The bombing of an Israeli embassy car in Delhi threatens India's diplomatic maneuvers between Israel and Iran, and has put India's discreetly nurtured ties with Israel since 1992 through a severe test. Those who are attracted to Israel’s depiction of Iran as a terrorist threat to world peace would do well to read historian Mark Perry’s account, revealing that Israel is recruiting, and collaborating with, terrorist groups in a secret war with Iran. That low-level conflict is spreading. Israel’s latest reaction should be seen in the light of Perry’s revelations.
The Israeli government’s hasty and aggressive posture following the Delhi bombing has caused offense in the Indian capital. Officials in Delhi have made plain that India will not be recruited into the anti-Iran alliance under Israeli–U.S. pressure. India will not allow “Washington, the Jewish lobby and much of Europe to push the country into a corner” over Iran. How India conducts its ties with that country dating back to ancient times is its business. Furthermore, police investigations into the bombing cannot be rushed to suit external interests. The law of the land must take its course.
What particularly irked Indian officials was that immediately after the Delhi bomb (another device was defused by Georgian police in Tbilisi on the same day), Prime Minister Benjamin Netanyahu of Israel sought to upstage India’s police investigations into the incident. Netanyahu described the Iranian government as the world’s “largest terror exporter” and Hezbollah in Lebanon as Iran’s “protégé.” Foreign Minister Avigdor Lieberman went further saying, “We know exactly who is responsible for the attack and who planned it, and we’re not going to take it lying down.”
As if that was not enough. Israel’s Energy and Water Resources Minister Uzi Landau intervened with his own comment, calling “India’s support for the Palestinians at the UN a mistake,” and that he intended to “persuade” the Indians to change their stand. And Israel reportedly asked India to help sponsor a resolution against Iran in the UN Security Council, of which India is an elected member at present.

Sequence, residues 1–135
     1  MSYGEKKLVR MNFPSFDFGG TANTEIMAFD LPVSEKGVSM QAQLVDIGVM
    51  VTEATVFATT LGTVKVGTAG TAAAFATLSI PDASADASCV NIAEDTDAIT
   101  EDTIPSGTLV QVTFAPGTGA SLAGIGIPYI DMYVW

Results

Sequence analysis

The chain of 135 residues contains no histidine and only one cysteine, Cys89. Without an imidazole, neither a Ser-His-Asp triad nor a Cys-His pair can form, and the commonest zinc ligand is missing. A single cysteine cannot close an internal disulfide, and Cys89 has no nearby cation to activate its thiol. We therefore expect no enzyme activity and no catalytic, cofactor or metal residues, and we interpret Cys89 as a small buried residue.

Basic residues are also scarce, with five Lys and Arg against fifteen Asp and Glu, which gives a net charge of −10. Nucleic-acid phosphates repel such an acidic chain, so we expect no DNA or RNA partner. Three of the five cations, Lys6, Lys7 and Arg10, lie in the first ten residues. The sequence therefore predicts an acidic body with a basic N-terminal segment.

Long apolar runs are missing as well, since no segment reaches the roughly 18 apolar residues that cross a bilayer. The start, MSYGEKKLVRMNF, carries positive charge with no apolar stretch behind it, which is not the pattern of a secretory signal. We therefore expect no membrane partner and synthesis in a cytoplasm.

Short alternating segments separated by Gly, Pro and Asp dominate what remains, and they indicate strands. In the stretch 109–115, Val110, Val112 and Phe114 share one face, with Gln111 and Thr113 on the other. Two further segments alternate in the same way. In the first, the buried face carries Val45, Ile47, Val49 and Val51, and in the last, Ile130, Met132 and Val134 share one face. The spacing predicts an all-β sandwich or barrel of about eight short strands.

A full-scale Israeli offensive to force a complete overhaul of Indian foreign policy was under way. In the unlikely scenario of it happening, such an event would be a geopolitical earthquake. India’s reliance on oil producers who are firmly in the U.S. camp would be dangerously high. There would be other consequences in the short run. An audacious attack by Israel on Iran, with or without U.S. support, could be nearer, and so would the prospects of a wider Middle East conflict. For these reasons, India now stands between the present and the worst case scenario.
Police investigations were only beginning in Delhi when Israeli ministers spoke with such shocking certainly––the worst kind of megaphone diplomacy. For those sitting in the Indian capital, certain inferences were difficult to avoid. India had recently announced that it would abide by the UN sanctions against Iran, but would not obey additional sanctions imposed by the United States and the European Union. India would continue to buy oil from Iran, and an Indian trade delegation would visit Tehran in coming weeks.
Delhi was by no means alone in asserting an independent stance. Other countries, too, have been resisting what they consider to be strong-arm tactics by the anti-Iran bloc of nations to force reluctant governments to toe the line. The United States, the European Union and Israel are far from happy about this.
That the affair threatened India’s massive trade with Iran, and could derail India’s capacity to formulate its foreign policy, was not lost in Delhi. A number of Indian politicians and senior officials made the government’s position clear. Commerce Minister Anand Sharma said that terrorism and trade were “separate issues,” and that business with Iran would continue. A former diplomat of India and now a leading commentator, M. K. Bhadrakumar, described the Israeli offensive as a “smear campaign” that “Tehran’s agents had been going about placing bombs in New Delhi, Tbilisi and Bangkok.”
Meanwhile, police investigations, and a visit by an Israeli Mossad team to Delhi, were continuing. Indian officials insisted that there was no “conclusive evidence” to link the attack to any particular group or country. And a senior police officer was categorical in saying that there was no link between the Delhi bomb and explosions that occurred in Bangkok the day after.
The Indians are normally too polite to engage in crude public diplomacy. But when ministers of a country of under 8 million, albeit advanced and heavily militarized, try to dictate policy to a nation of 1.2 billion people, it is perhaps too much for the Indian sensitivities.
I am on record as saying that, in the challenging 1990s decade when the Soviet Union collapsed, India was hasty and ill-advised to build a “flyover” to Israel, and from Israel straight on to the United States. Over the years, Israel’s multi-billion dollar sales of weapons based on American and Russian technologies, and intelligence sharing, have given India easy access to arms bazaar. But there is a cost. India can be vulnerable to pressure, and has ignored its interests in the Muslim world. Simply put, successive Indian governments put too many eggs in the (Israeli–U.S.) basket.
Now that India asserts its strategic interests independent of the United States and Israel, with the other members of the group called BRICS (Brazil, Russia, India, China, South Africa), it faces a trial of strength. The outcome will depend on whether Delhi can establish its capacity to turn away from what look like instant gains, and promises for future, to secure its long-term interests that are essential for India’s place on the world stage.